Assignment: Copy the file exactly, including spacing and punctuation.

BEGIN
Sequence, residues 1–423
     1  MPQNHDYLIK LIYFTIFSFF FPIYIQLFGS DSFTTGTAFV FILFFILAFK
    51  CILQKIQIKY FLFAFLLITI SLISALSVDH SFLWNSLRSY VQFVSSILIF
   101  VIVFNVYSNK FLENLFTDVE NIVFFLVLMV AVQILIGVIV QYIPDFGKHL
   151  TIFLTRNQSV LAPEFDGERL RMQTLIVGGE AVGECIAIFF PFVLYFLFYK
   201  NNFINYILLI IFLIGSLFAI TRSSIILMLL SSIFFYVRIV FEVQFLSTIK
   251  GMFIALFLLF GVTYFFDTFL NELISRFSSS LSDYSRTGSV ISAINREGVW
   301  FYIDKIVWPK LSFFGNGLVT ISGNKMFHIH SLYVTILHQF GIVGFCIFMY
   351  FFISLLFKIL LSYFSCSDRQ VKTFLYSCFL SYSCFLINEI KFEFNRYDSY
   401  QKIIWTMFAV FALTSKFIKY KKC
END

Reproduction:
Sequence, residues 1–423
     1  MPQNHDYLIK LIYFTIFSFF FPIYIQLFGS DSFTTGTAFV FILFFILAFK
    51  CILQKIQIKY FLFAFLLITI SLISALSVDH SFLWNSLRSY VQFVSSILIF
   101  VIVFNVYSNK FLENLFTDVE NIVFFLVLMV AVQILIGVIV QYIPDFGKHL
   151  TIFLTRNQSV LAPEFDGERL RMQTLIVGGE AVGECIAIFF PFVLYFLFYK
   201  NNFINYILLI IFLIGSLFAI TRSSIILMLL SSIFFYVRIV FEVQFLSTIK
   251  GMFIALFLLF GVTYFFDTFL NELISRFSSS LSDYSRTGSV ISAINREGVW
   301  FYIDKIVWPK LSFFGNGLVT ISGNKMFHIH SLYVTILHQF GIVGFCIFMY
   351  FFISLLFKIL LSYFSCSDRQ VKTFLYSCFL SYSCFLINEI KFEFNRYDSY
   401  QKIIWTMFAV FALTSKFIKY KKC